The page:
For the second time in the past year, archeologists have uncovered a Second Temple Period quarry whose stones were used to build the Western Wall.
The latest archeological discovery was made in the city's Sanhedria neighborhood, located about two kilometers from the Old City of Jerusalem.
The quarry was uncovered during a routine "salvage excavation" carried out by the state-run archeological body over the last several months ahead of the construction of a private house in the religious neighborhood.
The quarry is believed to be one of those used to build the Jerusalem holy site because the size of the stones match those at the Western Wall.
"Most of the stones that were found at the site are similar in size to the smallest stones that are currently visible in the Western Wall, and therefore we assume that the stones from this quarry were used to build these structures," said Dr. Gerald Finkielsztejn, director of the excavation.
The stones were dated by pottery found at the site, he added.
"This is a rather regular quarry except that there are really big stones," Finkielsztejn said.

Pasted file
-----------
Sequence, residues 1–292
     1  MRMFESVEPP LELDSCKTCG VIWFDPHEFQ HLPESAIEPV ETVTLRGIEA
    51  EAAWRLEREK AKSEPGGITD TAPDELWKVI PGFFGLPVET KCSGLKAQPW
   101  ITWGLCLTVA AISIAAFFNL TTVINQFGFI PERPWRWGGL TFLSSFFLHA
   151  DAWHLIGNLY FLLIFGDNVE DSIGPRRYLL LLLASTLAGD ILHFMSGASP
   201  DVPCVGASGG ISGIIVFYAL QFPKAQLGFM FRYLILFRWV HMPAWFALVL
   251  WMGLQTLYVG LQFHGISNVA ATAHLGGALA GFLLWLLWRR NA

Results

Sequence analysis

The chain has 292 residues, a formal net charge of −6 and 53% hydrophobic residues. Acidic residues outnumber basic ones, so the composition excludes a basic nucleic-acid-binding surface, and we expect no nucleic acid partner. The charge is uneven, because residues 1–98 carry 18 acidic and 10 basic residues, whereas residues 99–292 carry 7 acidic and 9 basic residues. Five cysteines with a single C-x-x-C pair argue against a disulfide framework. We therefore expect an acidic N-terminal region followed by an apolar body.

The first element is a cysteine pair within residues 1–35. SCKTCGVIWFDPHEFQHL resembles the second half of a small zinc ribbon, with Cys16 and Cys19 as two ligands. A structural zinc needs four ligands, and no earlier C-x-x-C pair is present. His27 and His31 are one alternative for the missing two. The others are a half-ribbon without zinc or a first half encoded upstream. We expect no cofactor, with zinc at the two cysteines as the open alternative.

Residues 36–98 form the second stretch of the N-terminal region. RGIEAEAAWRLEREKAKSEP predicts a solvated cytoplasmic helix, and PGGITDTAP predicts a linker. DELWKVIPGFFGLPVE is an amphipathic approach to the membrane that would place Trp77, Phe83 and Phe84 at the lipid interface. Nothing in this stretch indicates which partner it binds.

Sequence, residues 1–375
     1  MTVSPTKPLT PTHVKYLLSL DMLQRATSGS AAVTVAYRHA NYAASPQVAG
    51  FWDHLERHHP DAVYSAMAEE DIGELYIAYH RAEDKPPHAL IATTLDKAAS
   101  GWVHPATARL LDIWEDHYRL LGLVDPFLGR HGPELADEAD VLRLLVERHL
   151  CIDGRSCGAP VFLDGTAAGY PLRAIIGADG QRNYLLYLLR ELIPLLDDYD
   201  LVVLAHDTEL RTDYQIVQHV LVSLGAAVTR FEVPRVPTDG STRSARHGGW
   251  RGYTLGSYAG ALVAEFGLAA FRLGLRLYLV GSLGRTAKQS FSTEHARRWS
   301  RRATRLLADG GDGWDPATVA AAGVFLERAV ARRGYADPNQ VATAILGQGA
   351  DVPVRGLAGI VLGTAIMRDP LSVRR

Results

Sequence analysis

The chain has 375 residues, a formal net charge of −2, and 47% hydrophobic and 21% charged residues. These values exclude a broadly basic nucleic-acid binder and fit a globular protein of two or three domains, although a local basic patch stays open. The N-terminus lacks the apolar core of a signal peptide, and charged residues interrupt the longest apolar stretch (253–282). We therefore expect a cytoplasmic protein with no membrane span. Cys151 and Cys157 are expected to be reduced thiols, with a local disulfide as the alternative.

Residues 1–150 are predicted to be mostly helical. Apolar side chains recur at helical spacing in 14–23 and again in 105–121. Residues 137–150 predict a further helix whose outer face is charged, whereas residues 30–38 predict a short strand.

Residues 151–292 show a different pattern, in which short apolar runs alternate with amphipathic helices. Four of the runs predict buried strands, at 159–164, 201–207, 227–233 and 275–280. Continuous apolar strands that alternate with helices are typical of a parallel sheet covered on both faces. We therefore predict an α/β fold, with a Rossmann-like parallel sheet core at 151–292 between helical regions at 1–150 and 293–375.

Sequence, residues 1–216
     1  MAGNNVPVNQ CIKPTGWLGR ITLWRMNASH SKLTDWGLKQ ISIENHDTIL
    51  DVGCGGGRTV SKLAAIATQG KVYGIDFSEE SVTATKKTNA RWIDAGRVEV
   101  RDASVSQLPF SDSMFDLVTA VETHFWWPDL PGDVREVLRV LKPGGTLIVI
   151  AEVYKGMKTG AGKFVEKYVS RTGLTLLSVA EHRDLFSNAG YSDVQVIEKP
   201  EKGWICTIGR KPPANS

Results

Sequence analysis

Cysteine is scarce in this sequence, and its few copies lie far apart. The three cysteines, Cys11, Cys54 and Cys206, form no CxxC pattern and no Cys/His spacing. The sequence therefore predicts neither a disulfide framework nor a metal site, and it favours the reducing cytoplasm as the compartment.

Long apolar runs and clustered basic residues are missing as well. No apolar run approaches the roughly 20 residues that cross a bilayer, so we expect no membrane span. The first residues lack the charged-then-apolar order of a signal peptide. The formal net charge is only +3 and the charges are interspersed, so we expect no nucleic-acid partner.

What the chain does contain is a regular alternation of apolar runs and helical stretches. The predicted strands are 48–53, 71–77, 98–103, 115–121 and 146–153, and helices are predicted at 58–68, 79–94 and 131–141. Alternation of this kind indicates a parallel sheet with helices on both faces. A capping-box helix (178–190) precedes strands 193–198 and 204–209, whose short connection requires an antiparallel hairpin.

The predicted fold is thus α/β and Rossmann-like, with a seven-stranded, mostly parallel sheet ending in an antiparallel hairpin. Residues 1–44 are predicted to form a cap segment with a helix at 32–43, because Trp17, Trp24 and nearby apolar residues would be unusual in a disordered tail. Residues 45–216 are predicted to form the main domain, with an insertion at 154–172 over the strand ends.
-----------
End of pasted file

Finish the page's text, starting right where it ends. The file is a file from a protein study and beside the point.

The largest of the stones found at the quarry measures 0.69 x 0.94 x 1.65 m, while some of the stones were apparently ready for extraction but were left in place.
The quarry was probably abandoned at the time of the Great Revolt against the Romans in 66-70 CE, he said.
Last year, archeologists unearthed an ancient quarry that supplied enormous high quality limestones for the construction of the Temple Mount in an outlying neighborhood of Jerusalem.
Dozens of quarries have previously been found in Jerusalem, but these are the first two that archeologists have uncovered which they believed were used in the construction of the Temple Mount.
A few dozen quarries were likely used in the building of the Temple Mount, said Prof. Amos Kloner, a former Jerusalem district archaeologist at the Israel Antiquities Authority.
He said it was "no surprise" that the first two had been found, and noted that the neighborhood where the latest quarry was found was in itself built on top of a qua